We only promise the control that we can realistically give to them, rather than trying to promise more than we can deliver, Application-based control would be great to have and it is certainly on our Christmas list for future stuff.On top of that, following a question by an attendee, Berntson pointed out that there will be no way to give a warning to the user when an application tries to access the GPS. He said that, even while this is technically possible, it's not in their roadmap for Windows 7. As a close comparison, when an application requests access to geographic information in the iPhone 3G, the operating system asks you for permission first. This happens on an application by application basis, every time it runs. Hopefully, someone at Microsoft will realize how absolutely stupid this is and, at least, implement the warning service before the updated OS reaches the market. [Cnet via Lifehacker]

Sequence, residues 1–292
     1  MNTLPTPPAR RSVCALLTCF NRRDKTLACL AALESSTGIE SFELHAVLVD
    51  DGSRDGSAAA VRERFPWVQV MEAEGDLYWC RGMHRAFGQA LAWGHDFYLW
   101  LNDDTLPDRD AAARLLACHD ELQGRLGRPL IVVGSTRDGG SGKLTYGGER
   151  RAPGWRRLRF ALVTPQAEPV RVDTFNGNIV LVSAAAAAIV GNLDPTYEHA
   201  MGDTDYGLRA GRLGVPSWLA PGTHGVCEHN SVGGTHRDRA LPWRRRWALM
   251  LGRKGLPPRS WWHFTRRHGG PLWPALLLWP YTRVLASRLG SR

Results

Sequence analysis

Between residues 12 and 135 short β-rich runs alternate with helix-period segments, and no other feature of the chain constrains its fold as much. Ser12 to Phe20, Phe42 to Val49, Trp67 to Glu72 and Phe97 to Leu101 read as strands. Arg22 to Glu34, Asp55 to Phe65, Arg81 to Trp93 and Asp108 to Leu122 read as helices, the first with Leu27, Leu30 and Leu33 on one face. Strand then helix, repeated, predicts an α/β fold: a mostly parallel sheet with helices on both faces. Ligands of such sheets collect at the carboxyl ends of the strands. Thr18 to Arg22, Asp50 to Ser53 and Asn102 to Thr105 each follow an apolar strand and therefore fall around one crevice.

Cnet's Ina Fried is covering WinHEC, Microsoft's Hardware Engineering Conference, and has discovered that Windows 7 has a new system-wide service that will offer very easily accessible geographical location services for all devices and programs. Unfortunately, their implementation seems half-baked in the security front, opening the door to privacy problems that even Microsoft program manager Alec Berntson didn't have a convincing answer for. What is worse: They don't plan to fix them for the final release. In previous versions of Windows, users didn't have a way to turn geolocation services on or off, since the hardware was accessed on an application by application basis. However, the user was able to launch the application—which usually came with his GPS device—knowing that it was a "good" program. Having no easy-to-use API also made it more difficult for programmers (good ones and evil ones) to create software for GPS hardware and grab the geolocation data. In Windows 7, the new system-wide GPS service can be turned on and off by the user, who has the option to make it available only to applications as opposed to background processes. However, once you turn the service on, there's no way to limit access to specific programs: Anything that you launch will be able to access the GPS information without even warning you. Berntson admitted that this is problematic, because it opens the door for spoofing programs that could use this information mischievously.